La Foce,

 

A cat slinks its way round one of the many urns designed by Cecil Pinsent for La Foce.
A cat slinks its way round one of the many urns designed by Cecil Pinsent for La Foce.

 

Villa Gamberaia,

 

Villa Gamberaia packs a lot of garden into a relatively small space.
Villa Gamberaia packs a lot of garden into a relatively small space.

 

and I Tatti.

 

Wonderfully coloured pebble mosaics create a carpet on a landing in the Italian garden.
Wonderfully coloured pebble mosaics create a carpet on a landing in the Italian garden at Villa I Tatti.

 

June was another incredibly garden-rich month. Not only were things popping at home at Glen Villa, they were in full bloom at gardens in and around Toronto. Over the course of three jam-packed days, in the company of garden bloggers from Canada, England and the U.S., I visited some three dozen parks and gardens as part of the Garden Bloggers Fling. (And yes, that does average about a dozen gardens a day. Did I mention that I was tired on some days?)

 

Our first garden visits were on the Toronto islands. From there we had a good view of the city's skyline.
Our first garden visits were on the Toronto islands. From there we had a good view of the city’s skyline.

 

Before the Fling began, I spent a day at a delightful garden north of Toronto. Lilac Tree Farm is the creation of Brian and Marian Bixley. They’ve been working on the garden for thirty or more years now and have created an amazing abundance of flower-filled spaces.

 

A wild area at Lilac Tree Farm is bursting with bloom in early June.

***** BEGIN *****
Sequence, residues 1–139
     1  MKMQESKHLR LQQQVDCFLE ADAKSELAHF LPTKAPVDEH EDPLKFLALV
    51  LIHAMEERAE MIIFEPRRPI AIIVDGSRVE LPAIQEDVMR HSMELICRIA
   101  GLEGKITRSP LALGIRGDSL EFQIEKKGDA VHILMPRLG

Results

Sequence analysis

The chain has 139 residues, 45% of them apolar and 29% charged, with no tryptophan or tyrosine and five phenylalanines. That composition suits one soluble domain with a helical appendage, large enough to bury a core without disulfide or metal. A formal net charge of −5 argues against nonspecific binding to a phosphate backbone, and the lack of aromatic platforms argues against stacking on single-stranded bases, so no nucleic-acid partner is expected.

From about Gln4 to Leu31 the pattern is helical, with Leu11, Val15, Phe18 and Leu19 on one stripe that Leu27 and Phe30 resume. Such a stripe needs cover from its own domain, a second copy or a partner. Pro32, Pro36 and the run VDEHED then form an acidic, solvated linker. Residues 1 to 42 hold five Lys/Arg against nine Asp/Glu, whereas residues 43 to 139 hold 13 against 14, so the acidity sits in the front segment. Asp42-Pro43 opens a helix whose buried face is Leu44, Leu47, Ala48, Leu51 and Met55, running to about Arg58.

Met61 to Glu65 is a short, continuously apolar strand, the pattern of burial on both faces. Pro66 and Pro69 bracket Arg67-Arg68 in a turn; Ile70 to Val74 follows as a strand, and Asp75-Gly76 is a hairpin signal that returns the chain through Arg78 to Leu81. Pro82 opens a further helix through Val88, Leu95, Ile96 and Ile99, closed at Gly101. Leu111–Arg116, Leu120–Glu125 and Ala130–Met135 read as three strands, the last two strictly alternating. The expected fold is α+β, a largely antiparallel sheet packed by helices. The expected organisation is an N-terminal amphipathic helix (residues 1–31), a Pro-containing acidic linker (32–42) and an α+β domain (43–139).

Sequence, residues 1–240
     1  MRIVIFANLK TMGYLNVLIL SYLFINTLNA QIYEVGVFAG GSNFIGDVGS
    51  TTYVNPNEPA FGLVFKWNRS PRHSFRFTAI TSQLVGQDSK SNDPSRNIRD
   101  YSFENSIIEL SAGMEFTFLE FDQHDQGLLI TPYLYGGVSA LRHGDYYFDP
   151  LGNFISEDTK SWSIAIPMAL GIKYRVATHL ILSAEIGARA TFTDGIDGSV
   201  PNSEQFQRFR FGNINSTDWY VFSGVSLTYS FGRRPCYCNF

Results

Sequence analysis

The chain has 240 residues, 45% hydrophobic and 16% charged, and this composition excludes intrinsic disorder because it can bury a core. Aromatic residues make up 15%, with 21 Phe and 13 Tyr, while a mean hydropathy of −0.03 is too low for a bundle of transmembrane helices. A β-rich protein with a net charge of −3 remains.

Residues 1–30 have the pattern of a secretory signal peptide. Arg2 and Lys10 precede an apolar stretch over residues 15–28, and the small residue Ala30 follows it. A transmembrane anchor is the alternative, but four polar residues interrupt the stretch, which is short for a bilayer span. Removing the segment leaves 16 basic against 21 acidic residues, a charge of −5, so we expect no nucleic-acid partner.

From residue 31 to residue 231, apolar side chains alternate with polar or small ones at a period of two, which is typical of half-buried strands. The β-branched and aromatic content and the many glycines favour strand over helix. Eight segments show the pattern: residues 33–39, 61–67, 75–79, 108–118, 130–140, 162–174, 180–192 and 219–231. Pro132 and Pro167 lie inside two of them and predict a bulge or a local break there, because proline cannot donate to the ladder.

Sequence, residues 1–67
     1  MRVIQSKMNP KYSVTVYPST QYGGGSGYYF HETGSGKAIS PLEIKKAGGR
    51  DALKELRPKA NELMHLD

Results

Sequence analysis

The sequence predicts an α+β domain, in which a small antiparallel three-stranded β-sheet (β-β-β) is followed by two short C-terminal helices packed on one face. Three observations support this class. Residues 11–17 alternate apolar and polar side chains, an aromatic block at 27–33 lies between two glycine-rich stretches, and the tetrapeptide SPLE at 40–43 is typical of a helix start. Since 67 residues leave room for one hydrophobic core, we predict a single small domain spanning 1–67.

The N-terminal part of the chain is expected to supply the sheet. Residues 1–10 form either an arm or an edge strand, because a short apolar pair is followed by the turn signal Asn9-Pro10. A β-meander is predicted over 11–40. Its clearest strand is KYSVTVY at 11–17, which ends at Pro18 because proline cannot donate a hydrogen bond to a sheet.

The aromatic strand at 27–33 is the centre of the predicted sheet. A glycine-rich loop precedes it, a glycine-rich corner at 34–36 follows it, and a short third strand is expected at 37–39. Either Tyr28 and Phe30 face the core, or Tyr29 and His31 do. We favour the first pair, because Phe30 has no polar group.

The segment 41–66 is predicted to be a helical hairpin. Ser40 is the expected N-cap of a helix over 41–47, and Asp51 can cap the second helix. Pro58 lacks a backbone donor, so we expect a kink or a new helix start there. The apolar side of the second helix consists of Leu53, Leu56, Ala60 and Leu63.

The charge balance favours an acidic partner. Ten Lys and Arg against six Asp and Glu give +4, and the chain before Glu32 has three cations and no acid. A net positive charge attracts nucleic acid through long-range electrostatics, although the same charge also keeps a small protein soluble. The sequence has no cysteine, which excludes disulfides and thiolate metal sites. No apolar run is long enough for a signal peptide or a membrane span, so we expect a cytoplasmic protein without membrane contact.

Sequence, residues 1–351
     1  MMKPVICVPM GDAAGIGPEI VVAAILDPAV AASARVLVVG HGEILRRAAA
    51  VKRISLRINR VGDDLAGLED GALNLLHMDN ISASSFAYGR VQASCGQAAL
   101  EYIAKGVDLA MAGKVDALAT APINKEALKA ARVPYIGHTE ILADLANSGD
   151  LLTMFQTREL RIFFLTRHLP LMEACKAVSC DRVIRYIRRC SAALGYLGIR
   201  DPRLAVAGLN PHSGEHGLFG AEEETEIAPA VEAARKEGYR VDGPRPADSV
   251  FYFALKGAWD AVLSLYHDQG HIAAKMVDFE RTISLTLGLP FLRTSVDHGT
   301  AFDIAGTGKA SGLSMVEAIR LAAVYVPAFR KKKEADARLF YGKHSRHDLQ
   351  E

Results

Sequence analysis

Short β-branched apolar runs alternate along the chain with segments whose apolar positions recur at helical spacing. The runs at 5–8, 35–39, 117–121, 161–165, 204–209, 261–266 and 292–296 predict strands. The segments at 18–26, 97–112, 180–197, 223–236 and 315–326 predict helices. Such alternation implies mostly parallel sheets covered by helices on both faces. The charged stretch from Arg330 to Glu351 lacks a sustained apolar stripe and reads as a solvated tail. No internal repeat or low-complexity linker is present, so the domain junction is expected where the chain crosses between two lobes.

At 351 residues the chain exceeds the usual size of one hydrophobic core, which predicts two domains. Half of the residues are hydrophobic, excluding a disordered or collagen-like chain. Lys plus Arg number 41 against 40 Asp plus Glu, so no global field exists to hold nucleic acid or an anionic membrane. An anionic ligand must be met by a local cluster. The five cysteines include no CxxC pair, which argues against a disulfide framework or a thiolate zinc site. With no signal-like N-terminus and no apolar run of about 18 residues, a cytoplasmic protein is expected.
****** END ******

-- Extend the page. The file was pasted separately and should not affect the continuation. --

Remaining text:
A wild area at Lilac Tree Farm was bursting with bloom in early June. I love the way the alliums poke up through the yellow flowers. Wish I could remember what they were! Wood poppies, perhaps?

 

Also in June I saw some eye-popping gardens on New York’s Long Island when my sister and I visited private gardens on the Garden Conservancy’s Open Day. One, with a wildflower meadow recently showcased in Garden Design Magazine, was quite grand.

 

The very large meadow was only beginning to come into bloom in late June.
The very large meadow was only beginning to come into bloom in late June.

 

Another one, much simpler, was bursting with blooms, including this crazy-haired allium, just about to pop.

 

Allium seemed to be the stars in many gardens this year. This one made me laugh.
Allium seemed to be the stars in many gardens this year. This one made me laugh.

 

We visited some public gardens as well — The Madoo Conservancy, The Bridge Gardens, Longhouse Reserve, Old Westbury Gardens and the Marian Coffin-designed garden at the Nassau Co. Museum. My favourite of these was the Longhouse Reserve, although Old Westbury was an unexpected pleasure.

 

The azaleas that match the red posts had finished blooming but the long allée was impressive nonetheless.
The azaleas that set off the bright red posts had almost finished blooming but the long allée was impressive nonetheless.

 

From Long Island we travelled into New York City where we walked the High Line and peeped through the fence at the then-threatened garden designed by Russell Page.